Other than to a few brilliant iconoclasts, such as Jackson Pollock, an unprimed canvas really isn’t of much use to anyone. Your paint won’t stick right, the rough texture of the weave gives an awkward and uncomfortable brushing experience, and the whole thing is likely to just fall apart at some point in the future. Because of these issues and more, experienced canvas producers such as Canvas Lot provide you with pre-primed canvas that makes creating your masterwork a breeze.
We’ve told you what primer is in a previous post, but how exactly is it used? What magic process is involved in priming? Priming techniques are no mystery, but it is an incredibly picky and sometimes difficult process that most artists prefer to leave to the experts. To give you a little information on how this important, if delicate, process works, here’s an overview of the two main priming techniques.
Old School Priming -or- Priming for Oil
Priming a canvas to be ready for oil paints is a seriously old process, dating back to the 1400’s when canvas began to take over as the dominant painting surface. Though there are many ways to do it, we’re going to tell you how Fredrix, the makers of the canvas material for Canvas Lot, still do their oil priming, which is by hand.
To begin, a large piece of raw woven canvas is carefully stretched over a special frame that has little spikes at the edge, to which the canvas is attached. This is a very specific part of the process, and experienced primers know exactly how much to stretch each part so that it’s neither too slack or too tight. This might seem like a less important part of the whole thing, but it’s not, as any mistakes will ruin the whole canvas later in the process.
After it’s stretched, the canvas is inspected and any aberrations in the weave are fixed with special tools. There are usually a few, and it takes a master to fix these by hand.
Next, the rough canvas is sanded down with pumice stone, to make it a smoother surface. This leaves a fine dust of pumice and canvas bits on the surface, but they can’t simply be wiped off, or it will damage the canvas. Instead, the dust is bounced off the canvas by the priming team by slapping it lightly with special tools.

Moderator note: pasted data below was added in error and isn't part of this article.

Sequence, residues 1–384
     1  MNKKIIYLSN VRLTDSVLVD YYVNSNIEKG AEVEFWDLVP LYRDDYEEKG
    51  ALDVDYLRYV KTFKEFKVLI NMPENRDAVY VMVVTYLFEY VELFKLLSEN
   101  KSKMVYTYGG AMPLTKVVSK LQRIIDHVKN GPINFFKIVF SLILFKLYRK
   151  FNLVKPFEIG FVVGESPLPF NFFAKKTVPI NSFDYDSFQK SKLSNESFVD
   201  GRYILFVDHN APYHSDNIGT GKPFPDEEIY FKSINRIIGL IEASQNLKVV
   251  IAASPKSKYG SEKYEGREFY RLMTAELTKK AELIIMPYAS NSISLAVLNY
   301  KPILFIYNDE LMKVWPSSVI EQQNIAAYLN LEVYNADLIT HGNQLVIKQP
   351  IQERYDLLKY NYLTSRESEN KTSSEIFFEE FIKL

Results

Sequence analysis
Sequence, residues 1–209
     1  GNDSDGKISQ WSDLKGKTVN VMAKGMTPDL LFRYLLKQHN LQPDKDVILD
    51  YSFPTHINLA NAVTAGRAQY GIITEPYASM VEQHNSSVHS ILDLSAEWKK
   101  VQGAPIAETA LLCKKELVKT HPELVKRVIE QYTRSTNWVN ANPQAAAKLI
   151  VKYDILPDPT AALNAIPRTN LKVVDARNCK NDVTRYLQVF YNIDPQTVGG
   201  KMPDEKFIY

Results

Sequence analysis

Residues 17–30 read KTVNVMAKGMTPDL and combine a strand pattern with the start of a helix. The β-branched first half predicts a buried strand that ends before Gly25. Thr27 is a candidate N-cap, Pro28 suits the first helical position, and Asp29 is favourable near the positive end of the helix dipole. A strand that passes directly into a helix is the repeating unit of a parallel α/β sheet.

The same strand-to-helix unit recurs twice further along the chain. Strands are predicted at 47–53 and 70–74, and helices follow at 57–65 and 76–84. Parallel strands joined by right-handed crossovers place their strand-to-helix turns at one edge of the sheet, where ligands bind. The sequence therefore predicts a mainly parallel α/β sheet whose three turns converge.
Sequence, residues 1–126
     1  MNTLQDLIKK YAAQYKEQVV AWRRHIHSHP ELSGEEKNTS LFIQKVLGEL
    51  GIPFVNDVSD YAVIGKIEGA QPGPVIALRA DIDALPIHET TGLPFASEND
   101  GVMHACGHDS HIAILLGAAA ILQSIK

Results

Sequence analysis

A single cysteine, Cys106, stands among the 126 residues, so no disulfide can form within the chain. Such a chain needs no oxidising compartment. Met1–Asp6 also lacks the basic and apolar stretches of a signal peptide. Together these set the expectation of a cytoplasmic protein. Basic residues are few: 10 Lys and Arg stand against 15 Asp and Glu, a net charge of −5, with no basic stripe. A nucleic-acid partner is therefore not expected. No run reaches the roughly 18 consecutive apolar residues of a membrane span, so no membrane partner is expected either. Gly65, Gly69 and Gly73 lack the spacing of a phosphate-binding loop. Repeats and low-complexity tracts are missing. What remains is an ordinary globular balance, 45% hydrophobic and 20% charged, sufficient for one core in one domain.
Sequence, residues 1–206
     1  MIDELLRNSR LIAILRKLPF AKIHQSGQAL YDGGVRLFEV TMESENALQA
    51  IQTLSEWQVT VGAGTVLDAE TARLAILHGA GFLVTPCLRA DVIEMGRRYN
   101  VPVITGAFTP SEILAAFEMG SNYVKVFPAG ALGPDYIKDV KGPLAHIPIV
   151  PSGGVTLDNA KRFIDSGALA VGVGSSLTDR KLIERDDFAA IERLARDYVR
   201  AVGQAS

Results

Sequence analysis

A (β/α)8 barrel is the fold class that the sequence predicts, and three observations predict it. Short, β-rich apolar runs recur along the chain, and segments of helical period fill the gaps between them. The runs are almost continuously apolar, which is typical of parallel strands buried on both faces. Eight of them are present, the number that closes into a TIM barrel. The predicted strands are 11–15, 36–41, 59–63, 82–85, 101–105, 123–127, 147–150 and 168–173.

Once this is complete, the primers grind up the animal glue in a meat grinder. The ground glue is then laid on the canvas and spread in a very precise manner with long “knives,” tools that look like ultra-huge painter’s palette knives. This has to be done in a very specific way, or the glue will dry incorrectly.
After this, the primers make sure the glue is equally spread, and then they let it dry. When it’s dry, which takes many hours, they inspect it again and then begin to mix the gesso (or primer). They then apply the gesso with the same knives that were used to spread the glue, and again, it must be very specific.
The gesso is then left to dry, and another layer is applied on top of it. This process is repeated until the desired level of smoothness is achieved, and sometimes the layers are sanded before another is laid down. The final layer is never sanded, however, and after a final inspection, the canvas is ready to go.
Quick, Modern Priming
To apply a modern primer, the process is almost exactly the same as the old method, just minus a few steps. These new primers come premixed and can be applied directly to a canvas with a brush, alleviating the need for glue, knives or other special tools. Modern primers are usually created to work well with both oil and acrylic paint, though the old school method is always better for oil, as the animal glue bonds best with oil paint. Sanding can be done between layers of modern primer, and again, the last layer is always un-sanded. Modern primers are essentially made to make priming a quicker, easier and more accessible process for the artist, but it still takes years to master the process, even with recent advancements. Without knowing exactly what you’re doing, it’s very easy to ruin an expensive canvas in a variety of ways, including priming it in-equally, leaving bumps and putting too much or too little primer on the surface. Additionally, much canvas priming in the modern way is done with exact machines, which produce an unbeatable and perfect level of priming that is incredibly hard to match by hand.
And there you have it: the old and venerated process of priming a canvas to be painted. While learning to prime a canvas can be a fun and interesting journey, for most artists, it’s simply too much trouble, time and cost to be worth the experience. When you’re ready to paint, you’re ready, and you want a canvas that’s already perfectly set up, waiting for your creation to take life. Take our word for it, and unless you’re willing to put in countless hours and a large amount of money into becoming a master primer, let us take the burden off your shoulders. So if you’re considering priming your own canvas to save money, consider this: We’ll provide you with gorgeous, perfectly primed canvases, and we’ll do it at a fraction of the cost that it would cost you to prime your own. And that’s quality that just can’t be bested!